“As another active hurricane season comes to an end on November 30th, we are reminded of the critical importance of safeguarding the health of America’s coastline,” said Secretary of Commerce Wilbur Ross in NFWF’s Nov. 9 news release about the grants. “Through this latest partnership with private industry and NFWF, the Department of Commerce and NOAA will continue our mission to ensure the safety and long-term prosperity of the millions of Americans who call America’s coasts home.”

The Mote-led restoration initiative will focus on Florida Keys National Marine Sanctuary waters in the Lower Keys and Biscayne National Park in the Upper Keys. The Florida Keys from Key West to Biscayne face a 16-percent chance of hurricane impacts in any given year. The U.S. Geological Survey has reported that a degraded coral reef leads to increased run-up in flooding. Observational and modeling studies indicate that, had coral reefs been healthier across the Caribbean (including along Florida), the resulting wave-driven run-up and coastal flooding of areas fronted by coral reefs would have been less than what occurred.

Florida’s degraded and declining reefs are fighting a losing battle to continue providing critical protection, but this coral restoration initiative will significantly strengthen that ability for amplified and lasting protection of the Florida Keys economy, culture and quality of life.

During the last 40 years, Florida’s indigenous corals have declined in some areas by more than 90 percent, with some species losing more than 97 percent of their populations. Seven coral species found in the Florida Keys are listed as Threatened under the U.S. Endangered Species Act, with elkhorn and staghorn corals decimated by white band disease, and with grim prospects for brain, boulder and star corals affected by the tissue-loss disease outbreak — unless scientists and resource managers apply their knowledge to successful interventions.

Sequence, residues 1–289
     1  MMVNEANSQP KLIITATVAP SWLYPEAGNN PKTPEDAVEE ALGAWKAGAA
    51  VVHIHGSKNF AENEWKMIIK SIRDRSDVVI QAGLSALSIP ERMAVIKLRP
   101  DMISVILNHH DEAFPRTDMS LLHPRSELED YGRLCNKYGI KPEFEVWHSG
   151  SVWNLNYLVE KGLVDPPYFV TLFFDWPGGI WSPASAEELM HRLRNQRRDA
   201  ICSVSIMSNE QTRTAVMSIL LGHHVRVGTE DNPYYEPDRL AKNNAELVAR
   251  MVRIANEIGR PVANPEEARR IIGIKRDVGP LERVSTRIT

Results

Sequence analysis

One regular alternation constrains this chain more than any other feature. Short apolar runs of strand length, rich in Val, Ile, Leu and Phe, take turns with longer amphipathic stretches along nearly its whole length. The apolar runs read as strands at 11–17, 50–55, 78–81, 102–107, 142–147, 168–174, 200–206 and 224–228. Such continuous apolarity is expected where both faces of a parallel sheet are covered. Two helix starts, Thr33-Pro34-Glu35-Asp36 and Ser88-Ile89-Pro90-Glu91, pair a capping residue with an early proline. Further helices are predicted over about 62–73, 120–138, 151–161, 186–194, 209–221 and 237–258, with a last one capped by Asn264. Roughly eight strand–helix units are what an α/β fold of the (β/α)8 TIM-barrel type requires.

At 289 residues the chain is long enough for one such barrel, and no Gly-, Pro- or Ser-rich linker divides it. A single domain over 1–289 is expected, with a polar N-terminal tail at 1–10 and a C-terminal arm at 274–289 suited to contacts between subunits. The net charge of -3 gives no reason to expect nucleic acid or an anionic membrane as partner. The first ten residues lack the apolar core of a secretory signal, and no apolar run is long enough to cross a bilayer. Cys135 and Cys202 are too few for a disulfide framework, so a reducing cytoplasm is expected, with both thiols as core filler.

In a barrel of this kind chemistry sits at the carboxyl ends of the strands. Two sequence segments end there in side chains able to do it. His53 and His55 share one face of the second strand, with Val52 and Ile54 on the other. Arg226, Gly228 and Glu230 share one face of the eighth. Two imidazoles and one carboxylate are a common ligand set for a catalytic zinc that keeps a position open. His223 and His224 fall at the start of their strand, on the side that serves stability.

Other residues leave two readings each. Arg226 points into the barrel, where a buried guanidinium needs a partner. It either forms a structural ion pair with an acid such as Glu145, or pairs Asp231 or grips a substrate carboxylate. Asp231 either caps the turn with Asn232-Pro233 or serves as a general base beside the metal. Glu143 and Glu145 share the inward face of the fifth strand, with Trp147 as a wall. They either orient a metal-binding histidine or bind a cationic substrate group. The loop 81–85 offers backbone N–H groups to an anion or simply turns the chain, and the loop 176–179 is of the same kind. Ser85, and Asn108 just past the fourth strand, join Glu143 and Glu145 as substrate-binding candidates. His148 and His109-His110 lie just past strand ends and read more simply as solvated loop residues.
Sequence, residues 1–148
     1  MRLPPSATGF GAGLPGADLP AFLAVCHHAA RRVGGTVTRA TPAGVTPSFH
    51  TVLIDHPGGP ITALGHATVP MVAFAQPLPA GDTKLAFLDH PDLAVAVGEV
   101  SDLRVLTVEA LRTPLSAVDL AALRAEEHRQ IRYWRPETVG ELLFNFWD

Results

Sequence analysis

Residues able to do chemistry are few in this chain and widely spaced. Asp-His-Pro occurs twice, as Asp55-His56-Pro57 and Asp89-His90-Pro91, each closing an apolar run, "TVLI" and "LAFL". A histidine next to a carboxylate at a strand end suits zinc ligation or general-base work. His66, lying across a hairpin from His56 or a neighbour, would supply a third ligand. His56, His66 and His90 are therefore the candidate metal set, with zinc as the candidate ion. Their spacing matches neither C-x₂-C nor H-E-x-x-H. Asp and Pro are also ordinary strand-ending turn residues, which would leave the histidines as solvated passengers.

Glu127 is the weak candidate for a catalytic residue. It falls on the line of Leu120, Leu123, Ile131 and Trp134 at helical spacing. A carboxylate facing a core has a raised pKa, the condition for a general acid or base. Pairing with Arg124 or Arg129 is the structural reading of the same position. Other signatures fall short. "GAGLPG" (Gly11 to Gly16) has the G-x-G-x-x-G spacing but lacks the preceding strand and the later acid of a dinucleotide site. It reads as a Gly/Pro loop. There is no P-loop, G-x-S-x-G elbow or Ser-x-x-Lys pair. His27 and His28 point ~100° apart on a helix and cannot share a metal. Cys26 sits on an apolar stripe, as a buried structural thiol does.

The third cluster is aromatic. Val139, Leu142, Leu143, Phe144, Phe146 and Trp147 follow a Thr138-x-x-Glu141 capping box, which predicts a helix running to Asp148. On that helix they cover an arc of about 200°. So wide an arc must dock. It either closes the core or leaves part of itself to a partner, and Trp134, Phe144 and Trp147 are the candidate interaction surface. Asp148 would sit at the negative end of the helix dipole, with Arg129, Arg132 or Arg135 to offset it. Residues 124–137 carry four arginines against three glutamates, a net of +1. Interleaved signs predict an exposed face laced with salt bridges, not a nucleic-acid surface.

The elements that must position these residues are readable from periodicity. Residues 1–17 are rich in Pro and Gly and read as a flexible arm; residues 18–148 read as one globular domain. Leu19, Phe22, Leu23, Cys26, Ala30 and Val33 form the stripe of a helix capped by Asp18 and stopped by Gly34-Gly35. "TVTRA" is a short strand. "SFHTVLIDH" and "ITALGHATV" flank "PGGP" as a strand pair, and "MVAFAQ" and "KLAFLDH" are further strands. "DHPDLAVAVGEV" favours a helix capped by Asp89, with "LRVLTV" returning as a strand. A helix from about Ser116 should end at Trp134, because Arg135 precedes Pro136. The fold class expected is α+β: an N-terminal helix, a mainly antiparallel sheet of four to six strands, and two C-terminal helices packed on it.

Restoring resilient corals is a promising and paramount strategy, say Mote scientists who have restored some 43,000 corals to Florida Keys reefs to date, monitored their progress and led controlled lab studies investigating why some corals resist threats.

“Our research has identified genetic strains of staghorn coral resistant to white band disease, and we are studying the mechanism behind this resistance, screening other corals for indicators of resistance, and thoughtfully including this information within our restoration plan,” said Dr. Erinn Muller, Science Director of Mote’s Elizabeth Moore International Center for Coral Reef Research & Restoration (IC2R3) on Summerland Key, Florida. “We anticipate incorporating these disease resistant corals into controlled sexual reproduction efforts to increase both the genetic diversity and disease resistance of our corals used for restoration.” The sexual reproduction efforts will be led by Mote’s visiting German Research Foundation postdoctoral fellow, Dr. Hanna Koch.

Muller continued: “Unfortunately, most corals in another key group, the massive reef building species, appear highly susceptible to the current tissue-loss disease outbreak. However, preliminary laboratory experiments suggest the massive coral species genotypes that Mote has been restoring and will restore in this initiative may be relatively resilient to waterborne disease exposure, which appears to be the primary way the disease has spread throughout the Florida Keys. Additionally, complete genetic resistance to the current disease outbreak is likely for some of the hundreds of genetic strains Mote uses in restoration, we are currently working to test this prediction.”

Said Crosby: “These results suggest that much of Mote’s current and previous research and innovative applied technology to restore coral reefs will provide the shovel-ready foundation for resilience-based restoration that is the essential ingredient for maintaining and restoring the coral reefs of the Florida Keys.”

  • Read a news release about the full list of grants from NFWF and partners.
  • Help Mote match this critical new grant and maximize the benefit to Florida’s coral reefs. Visit, click “Donations” and, under “Designation,” select “Coral reef research & restoration” from the drop-down menu.